Don't fight these girls
It gives them self-confidence; it is an ideal tool for self-defence. Boxing is slowly gaining ground among women in Kolkata.
GIRLS IN THE RING: With the coach and at a sparring session.
IT is one of the unlikeliest places to find home grown Laila Alis or Hillary Swank characters a la the Oscarwinning "Million Dollar Baby". The Ekbalpur-Khidirpur area to the south of Kolkata is perceived as a backward area with its labyrinthine lanes full of slums and teeming people. Girls here get married early, and the role of a homemaker is seen as a prime duty.
But from these quarters have emerged women like Razia Shabnam, 26, the only Muslim woman boxing judge and referee in the country. Or take Sanno Baby who, with her twin sister Shakila, is at the ring practising even during the scorching May afternoons.
Trainer Asit Banerjee, secretary, South Calcutta Physical Culture Association, (SCPCA) however, finds nothing unusual. It is only an extension of women's inherent power finding expression through boxing. "We say that women are the weaker sex but if women really choose to strike back, men won't be able to stand up."
He also feels that the killer instinct, needed particularly in boxing, is not absent in women; it only lies "latent."
Banerjee admits, though, that it has been an uphill task to convince the parents of these Muslim girls to allow their daughters take up boxing. Muslim girls do have the "brawn" to take up the sport but there are many social barriers to cross.
Being a girl in a patriarchal society is one; then there is the conservative mindset. Yet, it was from such a background that Razia emerged. Why boxing?
"I often went with my brother to watch him in the ring. Then I felt that this was for me. I needed some time to convince my father and then he consented."
Women's boxing is yet to figure in the Olympics but is gaining ground. In India, it first came into focus in 2000 when SCPCA held the East India Open Women Championship in Kolkata.
The response was unexpectedly enthusiastic. The following year, at the national championship in Chennai, girls from the SCPCA won four medals. The club now has 21 girls and 68 boys.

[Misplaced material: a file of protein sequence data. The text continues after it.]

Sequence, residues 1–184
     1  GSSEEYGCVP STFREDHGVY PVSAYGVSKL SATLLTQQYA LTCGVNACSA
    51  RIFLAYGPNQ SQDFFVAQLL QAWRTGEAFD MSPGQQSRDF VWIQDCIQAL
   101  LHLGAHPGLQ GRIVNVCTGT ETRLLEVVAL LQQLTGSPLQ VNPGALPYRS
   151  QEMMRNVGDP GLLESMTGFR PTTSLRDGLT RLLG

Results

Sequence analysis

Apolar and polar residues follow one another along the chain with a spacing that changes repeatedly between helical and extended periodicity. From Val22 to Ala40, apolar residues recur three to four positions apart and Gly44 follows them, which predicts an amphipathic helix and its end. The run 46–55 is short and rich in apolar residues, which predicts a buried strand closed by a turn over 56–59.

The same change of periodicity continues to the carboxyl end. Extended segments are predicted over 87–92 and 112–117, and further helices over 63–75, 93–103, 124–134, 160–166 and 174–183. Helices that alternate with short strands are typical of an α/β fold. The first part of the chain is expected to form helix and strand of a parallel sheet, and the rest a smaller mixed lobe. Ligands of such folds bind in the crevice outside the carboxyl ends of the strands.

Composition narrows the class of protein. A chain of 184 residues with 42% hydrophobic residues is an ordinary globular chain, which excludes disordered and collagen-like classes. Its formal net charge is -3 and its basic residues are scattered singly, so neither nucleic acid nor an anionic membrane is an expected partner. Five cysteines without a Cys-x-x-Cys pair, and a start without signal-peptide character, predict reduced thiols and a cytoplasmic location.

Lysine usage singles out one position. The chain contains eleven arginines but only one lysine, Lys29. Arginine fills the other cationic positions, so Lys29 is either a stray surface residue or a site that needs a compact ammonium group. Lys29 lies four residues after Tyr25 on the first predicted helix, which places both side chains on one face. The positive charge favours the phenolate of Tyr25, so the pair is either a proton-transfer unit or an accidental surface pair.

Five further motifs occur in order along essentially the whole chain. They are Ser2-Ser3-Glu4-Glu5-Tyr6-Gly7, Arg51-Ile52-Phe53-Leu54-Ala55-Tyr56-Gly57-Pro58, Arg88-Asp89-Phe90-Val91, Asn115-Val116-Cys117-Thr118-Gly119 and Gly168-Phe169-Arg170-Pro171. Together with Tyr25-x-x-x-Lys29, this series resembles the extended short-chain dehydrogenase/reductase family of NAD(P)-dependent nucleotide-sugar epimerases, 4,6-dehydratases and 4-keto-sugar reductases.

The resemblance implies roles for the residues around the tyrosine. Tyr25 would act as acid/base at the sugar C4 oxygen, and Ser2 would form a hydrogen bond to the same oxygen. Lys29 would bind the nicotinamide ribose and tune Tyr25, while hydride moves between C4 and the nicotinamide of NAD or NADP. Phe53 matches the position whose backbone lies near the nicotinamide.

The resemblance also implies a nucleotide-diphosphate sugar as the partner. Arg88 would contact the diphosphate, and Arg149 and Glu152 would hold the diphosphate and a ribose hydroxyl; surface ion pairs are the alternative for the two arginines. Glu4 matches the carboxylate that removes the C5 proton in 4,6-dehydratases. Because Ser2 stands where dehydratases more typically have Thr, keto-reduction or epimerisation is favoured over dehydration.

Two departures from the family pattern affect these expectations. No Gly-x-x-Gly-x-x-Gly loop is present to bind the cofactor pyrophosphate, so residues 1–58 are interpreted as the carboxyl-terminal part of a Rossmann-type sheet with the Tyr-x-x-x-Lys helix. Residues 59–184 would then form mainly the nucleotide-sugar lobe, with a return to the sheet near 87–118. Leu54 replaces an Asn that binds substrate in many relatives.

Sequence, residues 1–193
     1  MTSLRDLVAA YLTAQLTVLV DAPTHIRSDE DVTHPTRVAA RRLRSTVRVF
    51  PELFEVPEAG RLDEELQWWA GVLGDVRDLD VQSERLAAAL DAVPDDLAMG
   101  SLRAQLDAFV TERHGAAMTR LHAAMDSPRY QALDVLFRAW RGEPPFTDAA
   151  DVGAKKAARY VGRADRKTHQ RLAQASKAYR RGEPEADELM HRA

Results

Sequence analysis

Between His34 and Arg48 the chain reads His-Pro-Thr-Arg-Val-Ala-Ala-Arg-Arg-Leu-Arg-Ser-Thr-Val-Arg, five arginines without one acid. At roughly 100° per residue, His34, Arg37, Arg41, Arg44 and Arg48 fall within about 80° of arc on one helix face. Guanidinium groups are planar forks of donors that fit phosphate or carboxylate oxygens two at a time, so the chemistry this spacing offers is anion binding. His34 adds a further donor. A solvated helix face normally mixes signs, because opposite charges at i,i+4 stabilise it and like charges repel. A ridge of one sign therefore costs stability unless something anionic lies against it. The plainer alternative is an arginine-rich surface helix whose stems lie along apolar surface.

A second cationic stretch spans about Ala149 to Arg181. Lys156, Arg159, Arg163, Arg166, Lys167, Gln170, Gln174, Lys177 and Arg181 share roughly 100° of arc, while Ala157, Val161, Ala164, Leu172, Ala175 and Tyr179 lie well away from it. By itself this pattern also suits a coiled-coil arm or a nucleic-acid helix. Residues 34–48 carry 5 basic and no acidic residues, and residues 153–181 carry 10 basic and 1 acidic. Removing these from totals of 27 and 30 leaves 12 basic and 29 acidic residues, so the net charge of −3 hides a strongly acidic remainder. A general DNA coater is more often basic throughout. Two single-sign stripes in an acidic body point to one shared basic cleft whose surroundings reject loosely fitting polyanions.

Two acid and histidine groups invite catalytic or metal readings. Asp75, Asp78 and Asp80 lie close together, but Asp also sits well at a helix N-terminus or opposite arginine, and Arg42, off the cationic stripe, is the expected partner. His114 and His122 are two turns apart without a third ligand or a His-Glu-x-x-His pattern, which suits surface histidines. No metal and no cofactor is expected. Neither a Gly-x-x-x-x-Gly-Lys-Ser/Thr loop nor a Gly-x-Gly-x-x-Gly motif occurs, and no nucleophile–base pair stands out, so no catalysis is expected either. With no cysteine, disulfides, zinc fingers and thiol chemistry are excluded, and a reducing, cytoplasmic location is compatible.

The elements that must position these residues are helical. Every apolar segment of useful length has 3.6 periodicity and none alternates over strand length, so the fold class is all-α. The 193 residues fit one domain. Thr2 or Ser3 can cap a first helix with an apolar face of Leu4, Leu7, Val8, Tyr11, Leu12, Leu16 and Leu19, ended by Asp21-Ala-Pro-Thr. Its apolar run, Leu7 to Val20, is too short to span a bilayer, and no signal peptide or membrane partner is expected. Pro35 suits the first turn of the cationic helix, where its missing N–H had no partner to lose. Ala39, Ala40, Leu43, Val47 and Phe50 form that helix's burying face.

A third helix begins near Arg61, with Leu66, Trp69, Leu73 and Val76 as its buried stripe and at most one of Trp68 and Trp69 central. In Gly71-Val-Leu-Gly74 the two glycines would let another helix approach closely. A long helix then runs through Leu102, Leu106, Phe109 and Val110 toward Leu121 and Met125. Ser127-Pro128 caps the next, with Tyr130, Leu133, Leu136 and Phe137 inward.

The response from the growing number of girls showed that there was a need for women coaches. Thus, Sports Authority of India in Kolkata sent four women, including Razia, as trainees for the NIS Boxing Diploma course. Razia also took courses in refereeing.
In 2003, at an international boxing tournament in Turkey, her skill caught the authorities' eye and she was asked to referee for both women's and men's events. Since then Razia has also served as referee and judge in many events, most recently in Russia. Recently married, she says, "I am lucky that both my parents and my husband have been supportive. Otherwise it's difficult for a woman."
About women taking up boxing, Razia feels, apart from being an ideal tool for self-defence, it also helps boost self-confidence. "In boxing we've to take instant decisions within 10 seconds, whether to punch, where to hit.
This reflects outside the ring too. Boxing is ideal for women temperamentally too. In the game, we can use only the hands, remember, and we mustn't lose our temper. At home, we may have lots of tension, but we have to manage every thing coolly. A man often brings stress home from work, but a woman cannot afford to. Boxing is similar."
Dreaming of championships
"Every girl may not be a champion but they gain confidence and self-worth by training in the club," says Banerjee, adding, "I feel proud when Anwar Chowdhury, president of International Boxing Tournament (IBT) from Pakistan, compliments our endeavour and regrets that he is unable to replicate it in his own country," says Banerjee.
Young Sanno Baby and her twin Shakila dream of being champions. They are two of the six children of a single mother but "she has never prevented us from the taking up the game. She is very independent and wants us to take up a profession. She'll never marry us off early like many of our neighbourhood girls."
Both feel that boxing has given them a sense of self-confidence. In fact, Shakila says that once she even beat up a shopkeeper who tried to misbehave.
Today, many so-called set ideas of Muslim women are changing. The change is palpable in women like Razia and Sanno. They want to take up a job before settling down. But many parents and also young girls wonder if taking up amateur boxing has any prospect of employment opportunities. As Razia says, a referee-judge gets only travel and living expenses during assignments. "Women boxers have almost no job opportunities. So many of my students wonder, what's the use of punishing the body daily and many often stop after sometime."
Razia's dream is to see a girl emerge a champion, like Commonwealth flyweight gold medallist Md Ali Qamar, who is from the same area. Personally, she feels that boxing has given her a lot. "I wanted a change in the attitude towards girls in our community, that we are weaklings. There's lots to be done, but there has been a change too for the better."
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